The Fashion Wars
If I make it through middle school, I'm not sure I'll have anything left for high school.
It’s not like I’ve been Rip Van Winkle, but I certainly missed a decade or two somewhere along the way. I mean, when did it become a fact that sixth grade girls dress like miniature high school seniors? When did it become a fact that sixth grade girls go on actual dates with boys? When did it become a fact that sixth grade girls wear makeup?
It seems my daughter is the only 11-year old in Montgomery County who is not allowed to wear off-the-shoulder tops and pool shorts to school. Ditto flip-flops, makeup and camisoles without a shirt over them. She is also the only one who cannot have a boyfriend and nearly the only one who cannot go on an actual date with an actual boy. And, because I may have been napping in a forest but was not born yesterday, she can’t even go to the movies with a group of friends that consists of an equal number of boys and girls.
As far as she’s concerned, the only reason she has these constraints is that I am hopelessly out of date and utterly clueless about what middle school is all about.
She may be right, but I’m sticking with what I know.
From my corner, it doesn’t seem she’s that deprived. She wears feathers in her hair. She makes amazing outfits out of skirts, shorts, leggings and shirts that cover her shoulders. She wears boots with dresses and sneakers with jeans. She looks nice every day and if she’s not on the cutting edge of inappropriate fashion, that’s just fine with me.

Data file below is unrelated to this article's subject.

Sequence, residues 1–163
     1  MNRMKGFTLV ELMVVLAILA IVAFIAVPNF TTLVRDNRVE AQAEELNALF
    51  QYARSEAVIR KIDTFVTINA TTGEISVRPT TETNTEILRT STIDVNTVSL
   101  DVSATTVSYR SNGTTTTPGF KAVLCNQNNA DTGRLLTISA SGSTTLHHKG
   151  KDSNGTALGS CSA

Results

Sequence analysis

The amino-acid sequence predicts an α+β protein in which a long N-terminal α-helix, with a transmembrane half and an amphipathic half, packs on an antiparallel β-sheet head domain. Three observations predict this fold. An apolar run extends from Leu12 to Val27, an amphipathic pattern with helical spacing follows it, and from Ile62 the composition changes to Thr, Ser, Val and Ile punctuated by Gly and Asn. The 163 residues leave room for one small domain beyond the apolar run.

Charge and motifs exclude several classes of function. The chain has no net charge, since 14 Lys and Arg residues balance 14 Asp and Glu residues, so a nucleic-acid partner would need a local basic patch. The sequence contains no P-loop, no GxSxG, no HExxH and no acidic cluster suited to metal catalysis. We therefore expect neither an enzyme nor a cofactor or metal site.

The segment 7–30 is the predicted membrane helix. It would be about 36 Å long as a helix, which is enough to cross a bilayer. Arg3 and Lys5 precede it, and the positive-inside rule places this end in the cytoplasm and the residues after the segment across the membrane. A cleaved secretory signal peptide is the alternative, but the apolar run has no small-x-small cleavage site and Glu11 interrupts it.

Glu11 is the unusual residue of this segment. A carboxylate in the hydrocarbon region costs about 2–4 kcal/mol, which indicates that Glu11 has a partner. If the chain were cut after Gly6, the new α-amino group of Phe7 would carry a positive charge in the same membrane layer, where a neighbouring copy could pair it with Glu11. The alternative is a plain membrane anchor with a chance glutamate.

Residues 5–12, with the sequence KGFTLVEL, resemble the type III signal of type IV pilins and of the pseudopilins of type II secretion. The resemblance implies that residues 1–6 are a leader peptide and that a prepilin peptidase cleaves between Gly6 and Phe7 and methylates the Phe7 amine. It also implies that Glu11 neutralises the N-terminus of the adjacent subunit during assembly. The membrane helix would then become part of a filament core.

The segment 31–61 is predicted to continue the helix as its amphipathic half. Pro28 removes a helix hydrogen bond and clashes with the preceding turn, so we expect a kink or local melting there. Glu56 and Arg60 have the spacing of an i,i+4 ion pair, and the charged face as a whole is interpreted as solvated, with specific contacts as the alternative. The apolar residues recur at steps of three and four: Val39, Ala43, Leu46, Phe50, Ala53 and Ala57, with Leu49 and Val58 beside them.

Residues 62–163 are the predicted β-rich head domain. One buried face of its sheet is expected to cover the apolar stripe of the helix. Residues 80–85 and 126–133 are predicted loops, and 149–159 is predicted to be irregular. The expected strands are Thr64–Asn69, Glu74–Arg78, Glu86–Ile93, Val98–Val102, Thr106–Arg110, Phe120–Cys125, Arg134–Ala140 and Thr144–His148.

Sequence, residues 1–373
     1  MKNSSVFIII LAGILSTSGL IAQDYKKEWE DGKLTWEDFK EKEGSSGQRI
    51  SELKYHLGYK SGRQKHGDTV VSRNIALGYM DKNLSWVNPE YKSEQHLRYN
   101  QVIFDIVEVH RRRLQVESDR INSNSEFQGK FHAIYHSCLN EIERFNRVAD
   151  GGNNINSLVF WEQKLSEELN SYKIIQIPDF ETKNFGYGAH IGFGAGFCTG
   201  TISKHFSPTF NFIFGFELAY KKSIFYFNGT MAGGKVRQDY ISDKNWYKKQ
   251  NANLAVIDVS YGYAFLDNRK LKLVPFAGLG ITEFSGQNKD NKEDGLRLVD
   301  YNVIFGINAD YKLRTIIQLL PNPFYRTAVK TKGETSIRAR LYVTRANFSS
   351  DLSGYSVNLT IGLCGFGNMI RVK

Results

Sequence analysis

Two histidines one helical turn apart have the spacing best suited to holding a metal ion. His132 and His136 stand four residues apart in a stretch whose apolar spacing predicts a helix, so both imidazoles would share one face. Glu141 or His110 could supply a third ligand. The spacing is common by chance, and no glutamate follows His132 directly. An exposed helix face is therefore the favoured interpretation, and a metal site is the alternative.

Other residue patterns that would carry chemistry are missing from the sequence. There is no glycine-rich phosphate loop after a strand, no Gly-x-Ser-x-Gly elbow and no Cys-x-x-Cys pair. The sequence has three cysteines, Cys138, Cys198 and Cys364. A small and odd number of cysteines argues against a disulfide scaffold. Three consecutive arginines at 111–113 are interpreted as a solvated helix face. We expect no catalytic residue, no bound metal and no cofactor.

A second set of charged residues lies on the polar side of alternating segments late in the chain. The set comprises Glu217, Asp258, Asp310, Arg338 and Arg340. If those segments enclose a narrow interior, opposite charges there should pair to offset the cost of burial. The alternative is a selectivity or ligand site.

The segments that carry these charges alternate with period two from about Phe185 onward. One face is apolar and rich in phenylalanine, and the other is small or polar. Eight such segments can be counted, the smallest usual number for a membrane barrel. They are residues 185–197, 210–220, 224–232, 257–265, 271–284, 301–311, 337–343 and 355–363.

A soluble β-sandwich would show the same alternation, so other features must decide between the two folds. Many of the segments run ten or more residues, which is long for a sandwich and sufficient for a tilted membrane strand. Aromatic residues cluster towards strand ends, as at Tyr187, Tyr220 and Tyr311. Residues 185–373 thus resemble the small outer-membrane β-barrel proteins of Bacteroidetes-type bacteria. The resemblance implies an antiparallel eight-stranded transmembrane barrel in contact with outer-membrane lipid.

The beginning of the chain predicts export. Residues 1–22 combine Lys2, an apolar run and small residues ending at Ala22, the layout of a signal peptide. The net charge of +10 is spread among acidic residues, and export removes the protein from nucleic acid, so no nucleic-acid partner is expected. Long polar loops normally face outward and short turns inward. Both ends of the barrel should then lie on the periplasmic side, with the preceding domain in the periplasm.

I remember when the Olsen twins decided to start their own fashion line. They wanted to wear more adult clothing, but it was not available for teens. That was innocent enough. But sometime between then and now, maybe around the time Madonna decided America wasn’t a good place to raise children because of the inappropriate culture—or something like that, fashion for young girls took a decided turn for the worse.
I’m not going to get rhapsodic about childhood and the wonder of those early years. Being a kid is hard work; second only to being a parent. I do think there was something to be said for a time when there were certain rites of passage. The things you looked forward to doing when you were old enough. As far as I can see, “old enough” is no longer a concept that applies to anything. At least not to anything outside this antiquated place we call home, with this woman from a bygone time who my daughter calls Mom.